Seven newly built camp sites at Lunksoos Camps in Katahdin Woods and Waters National Monument replaced a single site and doubled the park’s camping capacity. Integrated seamlessly within the surrounding landscape and trees, the campground is now accessible to all by both road and river, including students who visit the park for classes with the Katahdin Learning Project. The campsite now includes an ADA-compliant tent site and an accessible vaulted toilet. The project was led by Friends of Katahdin Woods and Waters and the Elliotsville Foundation, Inc., with support from NPF, L.L.Bean, and in-kind donations from NPS to bring these new campsites to life.
Pullman National Monument celebrated the grand opening of its visitor center, supported by funding from NPF and our partners, including Chicago Neighborhood Initiatives. The new visitor center lies within the historic Pullman Administration Clock Tower Building, and further improvements to the site included work on the 12-acre park grounds. NPF also worked diligently with the Historic Pullman Foundation to help build their organizational capacity. To mark the occasion, NPF collaborated with Union Pacific Railroad to commission a vintage-style travel poster by Chicago artist Joe Nelson.
NPF’s Women in Parks program provided $388,000 in support of projects in 2021, supporting intern and fellowship placements in parks across the country and furthered its partnership with NPS’ Natural Resource Stewardship and Science Directorate on the “Dare to Imagine” project. This project is producing multimedia content that showcases the trailblazing conservation work of women. These stories will help inspire women to pursue careers in science, humanities, and history.
NPF’s Cultural Landscape Apprenticeships program welcomed three new apprentices to San Antonio Missions National Historical Park. Through the program, a collaboration between NPF, NPS, Mission Heritage Partners, and American YouthWorks’ Texas Conservation Corps, local Hispanic and Latino young adults learn a variety of job skills under the direction of NPS mentors – everything from grounds preservation to preserving historic acequias. It’s a unique opportunity for youth to walk in the footsteps of those living on the missions several hundred years ago while preserving the legacy of a UNESCO World Heritage Site.
In September of 2021, Running Creek within Congaree National Park was finally protected after a years-long collaborative effort. Running Creek flows for three miles inside the park, with beautiful bald cypress and tupelo trees making it a favorite spot for paddlers. The boundary of the park was adjusted to include the 216-acre parcel, enabling the Friends of Congaree Swamp to purchase and donate the property to NPS with funding support from NPF and the Open Space Institute. This ensures the protection of the creek’s important habitat, two significant floodplain lakes, and an important buffer for a wading-bird rookery.
In 2021, NPF helped preserve many of the precious species and habitats in our national parks, from Hawaiian birds that fly over Haleakalā National Park and the wolves and caribou that roam the Alaskan wilderness at Denali National Park & Preserve, to the salmon, freshwater mussels, and gopher tortoise that populate our seashores, rivers, and lakes. Additionally, NPF supported three NPS Science Fellows who conducted important environmental and park-based fieldwork on bighorn sheep, mesophotic coral reef ecosystems, and landscape scale collaborative conservation.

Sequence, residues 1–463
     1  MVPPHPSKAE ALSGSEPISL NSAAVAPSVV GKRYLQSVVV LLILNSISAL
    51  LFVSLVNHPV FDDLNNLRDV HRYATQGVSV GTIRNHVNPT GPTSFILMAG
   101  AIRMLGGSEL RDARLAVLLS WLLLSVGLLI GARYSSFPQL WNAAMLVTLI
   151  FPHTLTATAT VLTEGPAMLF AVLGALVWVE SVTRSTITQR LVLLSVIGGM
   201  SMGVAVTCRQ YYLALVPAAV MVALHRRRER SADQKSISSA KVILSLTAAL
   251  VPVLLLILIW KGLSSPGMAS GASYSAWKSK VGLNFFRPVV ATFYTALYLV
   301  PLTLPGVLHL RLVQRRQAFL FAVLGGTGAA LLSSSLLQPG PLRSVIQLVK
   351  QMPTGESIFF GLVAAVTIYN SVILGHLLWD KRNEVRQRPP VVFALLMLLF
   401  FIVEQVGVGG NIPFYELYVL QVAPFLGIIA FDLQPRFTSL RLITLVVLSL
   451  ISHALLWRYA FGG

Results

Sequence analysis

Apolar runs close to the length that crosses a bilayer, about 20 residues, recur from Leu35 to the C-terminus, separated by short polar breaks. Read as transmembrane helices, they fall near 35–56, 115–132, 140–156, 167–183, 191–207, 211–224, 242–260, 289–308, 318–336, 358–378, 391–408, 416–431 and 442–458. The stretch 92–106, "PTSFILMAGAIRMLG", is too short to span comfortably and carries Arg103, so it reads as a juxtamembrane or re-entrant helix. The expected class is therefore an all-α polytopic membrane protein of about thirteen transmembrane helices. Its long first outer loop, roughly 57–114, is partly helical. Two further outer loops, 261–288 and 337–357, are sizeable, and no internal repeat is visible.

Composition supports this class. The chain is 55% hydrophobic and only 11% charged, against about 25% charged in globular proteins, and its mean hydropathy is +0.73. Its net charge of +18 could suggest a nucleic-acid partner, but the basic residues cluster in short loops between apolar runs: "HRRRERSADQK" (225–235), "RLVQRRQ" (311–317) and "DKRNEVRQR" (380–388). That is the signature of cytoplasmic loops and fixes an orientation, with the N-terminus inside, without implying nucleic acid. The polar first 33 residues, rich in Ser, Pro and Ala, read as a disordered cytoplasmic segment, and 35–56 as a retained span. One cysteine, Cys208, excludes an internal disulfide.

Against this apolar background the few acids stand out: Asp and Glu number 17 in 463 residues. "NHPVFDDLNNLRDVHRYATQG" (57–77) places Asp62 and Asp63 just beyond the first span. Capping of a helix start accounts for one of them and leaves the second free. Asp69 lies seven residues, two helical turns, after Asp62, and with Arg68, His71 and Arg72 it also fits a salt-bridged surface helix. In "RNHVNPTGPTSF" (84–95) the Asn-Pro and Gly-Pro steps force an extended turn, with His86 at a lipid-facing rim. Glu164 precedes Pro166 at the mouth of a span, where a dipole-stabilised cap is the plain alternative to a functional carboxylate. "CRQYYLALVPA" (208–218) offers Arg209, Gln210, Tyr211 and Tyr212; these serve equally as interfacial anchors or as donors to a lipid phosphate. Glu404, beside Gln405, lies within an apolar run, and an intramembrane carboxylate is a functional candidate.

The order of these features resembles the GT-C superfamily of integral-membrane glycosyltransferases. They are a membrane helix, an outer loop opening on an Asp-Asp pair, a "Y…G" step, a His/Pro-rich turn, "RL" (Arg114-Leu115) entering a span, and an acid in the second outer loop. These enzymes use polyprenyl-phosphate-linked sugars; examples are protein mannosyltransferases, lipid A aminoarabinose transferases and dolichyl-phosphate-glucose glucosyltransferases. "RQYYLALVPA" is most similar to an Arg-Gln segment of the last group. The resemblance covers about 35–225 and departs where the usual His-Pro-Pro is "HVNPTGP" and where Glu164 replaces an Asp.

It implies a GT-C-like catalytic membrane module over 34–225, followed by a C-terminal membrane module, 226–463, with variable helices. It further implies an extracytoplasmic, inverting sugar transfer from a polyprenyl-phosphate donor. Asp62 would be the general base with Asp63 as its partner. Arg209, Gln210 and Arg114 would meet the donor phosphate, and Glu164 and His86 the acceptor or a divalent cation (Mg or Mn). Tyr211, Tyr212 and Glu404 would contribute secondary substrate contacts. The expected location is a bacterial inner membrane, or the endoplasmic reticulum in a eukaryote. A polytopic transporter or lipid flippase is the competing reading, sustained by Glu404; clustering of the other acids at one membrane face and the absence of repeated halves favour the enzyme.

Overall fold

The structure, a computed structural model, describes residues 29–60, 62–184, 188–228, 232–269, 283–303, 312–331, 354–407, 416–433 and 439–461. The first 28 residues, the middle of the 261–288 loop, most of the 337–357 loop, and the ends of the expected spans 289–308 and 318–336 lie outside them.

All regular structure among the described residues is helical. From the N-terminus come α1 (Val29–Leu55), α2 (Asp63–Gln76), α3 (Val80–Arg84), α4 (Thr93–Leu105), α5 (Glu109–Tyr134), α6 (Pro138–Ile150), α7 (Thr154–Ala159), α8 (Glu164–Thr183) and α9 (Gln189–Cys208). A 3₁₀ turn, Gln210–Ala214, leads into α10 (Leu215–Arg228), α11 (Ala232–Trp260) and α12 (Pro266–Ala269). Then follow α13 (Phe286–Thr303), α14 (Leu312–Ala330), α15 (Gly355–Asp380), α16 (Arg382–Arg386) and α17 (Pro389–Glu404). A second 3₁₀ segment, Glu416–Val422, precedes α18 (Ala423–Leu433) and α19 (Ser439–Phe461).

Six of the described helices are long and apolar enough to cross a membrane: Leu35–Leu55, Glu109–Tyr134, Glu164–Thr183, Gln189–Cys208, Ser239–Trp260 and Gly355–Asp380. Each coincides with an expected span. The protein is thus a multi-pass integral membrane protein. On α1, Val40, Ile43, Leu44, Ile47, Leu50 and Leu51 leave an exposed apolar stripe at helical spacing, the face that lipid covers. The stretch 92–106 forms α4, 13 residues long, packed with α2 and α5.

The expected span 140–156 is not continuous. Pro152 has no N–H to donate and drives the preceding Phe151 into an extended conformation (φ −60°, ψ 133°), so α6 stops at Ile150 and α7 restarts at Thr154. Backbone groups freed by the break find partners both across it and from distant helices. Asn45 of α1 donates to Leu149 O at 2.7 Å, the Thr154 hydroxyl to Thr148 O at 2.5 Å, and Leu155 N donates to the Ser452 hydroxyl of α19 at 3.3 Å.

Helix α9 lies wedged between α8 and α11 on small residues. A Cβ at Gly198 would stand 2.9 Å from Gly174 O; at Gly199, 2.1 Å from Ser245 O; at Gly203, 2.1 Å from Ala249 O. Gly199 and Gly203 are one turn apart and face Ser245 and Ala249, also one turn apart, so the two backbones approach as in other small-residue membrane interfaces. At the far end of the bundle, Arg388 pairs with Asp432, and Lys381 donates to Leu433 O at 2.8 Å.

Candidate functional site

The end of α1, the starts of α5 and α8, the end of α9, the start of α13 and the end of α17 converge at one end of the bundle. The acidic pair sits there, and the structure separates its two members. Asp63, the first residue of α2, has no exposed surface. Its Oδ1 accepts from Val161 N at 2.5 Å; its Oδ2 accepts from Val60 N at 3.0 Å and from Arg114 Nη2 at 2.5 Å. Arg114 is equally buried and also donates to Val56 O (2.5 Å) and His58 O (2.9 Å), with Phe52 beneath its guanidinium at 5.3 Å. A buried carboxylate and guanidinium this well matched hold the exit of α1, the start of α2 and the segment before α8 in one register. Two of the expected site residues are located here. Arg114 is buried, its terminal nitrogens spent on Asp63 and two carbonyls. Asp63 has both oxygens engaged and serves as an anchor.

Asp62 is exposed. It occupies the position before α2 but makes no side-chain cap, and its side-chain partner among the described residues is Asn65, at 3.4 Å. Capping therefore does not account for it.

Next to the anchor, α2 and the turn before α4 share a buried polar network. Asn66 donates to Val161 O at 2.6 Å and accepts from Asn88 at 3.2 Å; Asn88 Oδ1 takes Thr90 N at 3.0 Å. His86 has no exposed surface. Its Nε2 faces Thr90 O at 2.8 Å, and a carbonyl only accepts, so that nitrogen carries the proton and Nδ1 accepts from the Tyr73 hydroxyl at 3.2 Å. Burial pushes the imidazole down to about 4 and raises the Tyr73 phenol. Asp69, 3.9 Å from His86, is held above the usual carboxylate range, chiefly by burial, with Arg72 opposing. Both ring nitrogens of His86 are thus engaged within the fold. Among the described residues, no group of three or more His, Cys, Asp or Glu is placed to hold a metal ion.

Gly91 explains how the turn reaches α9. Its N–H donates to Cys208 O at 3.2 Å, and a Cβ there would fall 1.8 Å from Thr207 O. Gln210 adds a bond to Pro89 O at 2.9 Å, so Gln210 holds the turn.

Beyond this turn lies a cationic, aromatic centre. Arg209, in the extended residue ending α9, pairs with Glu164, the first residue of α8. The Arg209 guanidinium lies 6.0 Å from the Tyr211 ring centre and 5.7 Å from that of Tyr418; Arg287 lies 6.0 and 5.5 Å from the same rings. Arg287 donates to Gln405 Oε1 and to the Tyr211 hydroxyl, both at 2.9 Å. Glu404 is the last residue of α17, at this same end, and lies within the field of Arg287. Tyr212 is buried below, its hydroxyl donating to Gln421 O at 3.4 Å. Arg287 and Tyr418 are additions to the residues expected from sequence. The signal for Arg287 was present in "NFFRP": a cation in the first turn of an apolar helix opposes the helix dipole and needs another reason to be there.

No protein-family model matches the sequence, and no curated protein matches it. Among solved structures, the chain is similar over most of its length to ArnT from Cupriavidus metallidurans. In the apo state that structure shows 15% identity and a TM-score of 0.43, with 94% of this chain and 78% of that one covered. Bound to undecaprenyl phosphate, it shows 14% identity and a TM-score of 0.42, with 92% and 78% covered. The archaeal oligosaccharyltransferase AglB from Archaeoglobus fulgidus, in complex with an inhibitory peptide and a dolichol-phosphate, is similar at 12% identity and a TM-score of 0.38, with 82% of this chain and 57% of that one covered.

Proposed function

Kicking off in 2021, a new three-year restoration project in Everglades National Park, supported by NPF and Publix, will improve over 500 acres of the park’s saline glades region by controlling invasive Australian pine trees. The trees reduce available habitat for native plants and animals, and alter freshwater flow into the Florida Bay. “This project supports a healthier future, not only for Everglades National Park and the wildlife that lives there, but also for everyone who lives nearby and depends on the freshwater for their well-being,” said Will Shafroth, president and CEO of NPF.
In 2021, NPF continued its partnership with Subaru of America to reduce waste in our national parks. The partnership has led to new recycling and composting infrastructure, dedicated staff for educational outreach, and marketing and labeling efforts to decrease contamination in recycling bins. Recycling and composting programs at Denali National Park & Preserve, Grand Teton National Park, and Yosemite National Park have diverted more than 17 million pounds (and counting!) of waste from landfills since 2015.
With help from our partners, including Tupperware and Hydro Flask, NPF is reducing plastic waste by installing water bottle refill stations in more than 10 national parks, including National Mall and Memorial Parks, Glen Canyon National Recreation Area, and Glacier National Park. Thanks to NPF, visitors to Wolf Trap National Park for the Performing Arts will be able to utilize two new touchless water bottle filling stations when they attend outdoor performances at the park’s outdoor concert amphitheater.
Funds from NPF are helping Zion National Park replace their 21-year-old propane-powered transit buses with a fleet of 26 zero-emission electric buses. Funds will also enable the park to install 27 charging stations to power the new vehicles and prepare for the charging demands on the electrical grid. Delivery of the new battery-electric buses will occur in phases over the next several years. NPF is doing its part to support NPS in transitioning to clean fuel vehicles to reduce greenhouse gas emissions contributing to climate change.
The National Park Foundation’s Board of Directors and National Council are dedicated champions for the national parks. NPF thanks them for their continued commitment to our mission.
The Board of Directors oversees NPF’s operations, fundraising, partnerships, and programmatic work in parks.
A leadership group of ambassadors and generous park supporters dedicated to furthering NPF’s vision.
The National Park Foundation’s work has been carefully guided by financial stewardship for more than 50 years, making NPF a strong, resilient organization, well-positioned to increase impact in parks through innovative programs and partnerships. Thank you to NPF’s board of directors, past and present, as well as the many donors whose generosity helps advance NPF’s mission.
Complete audited financial statements are available at nationalparks.org.